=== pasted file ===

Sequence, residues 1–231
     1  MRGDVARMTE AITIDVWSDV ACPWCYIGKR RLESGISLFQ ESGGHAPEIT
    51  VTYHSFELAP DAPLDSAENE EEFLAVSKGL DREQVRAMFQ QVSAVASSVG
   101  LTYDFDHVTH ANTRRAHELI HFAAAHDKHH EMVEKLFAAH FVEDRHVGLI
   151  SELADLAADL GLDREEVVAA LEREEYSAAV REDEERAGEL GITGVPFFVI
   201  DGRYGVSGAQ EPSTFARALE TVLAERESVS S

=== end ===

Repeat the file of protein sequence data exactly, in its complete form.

Sequence, residues 1–231
     1  MRGDVARMTE AITIDVWSDV ACPWCYIGKR RLESGISLFQ ESGGHAPEIT
    51  VTYHSFELAP DAPLDSAENE EEFLAVSKGL DREQVRAMFQ QVSAVASSVG
   101  LTYDFDHVTH ANTRRAHELI HFAAAHDKHH EMVEKLFAAH FVEDRHVGLI
   151  SELADLAADL GLDREEVVAA LEREEYSAAV REDEERAGEL GITGVPFFVI
   201  DGRYGVSGAQ EPSTFARALE TVLAERESVS S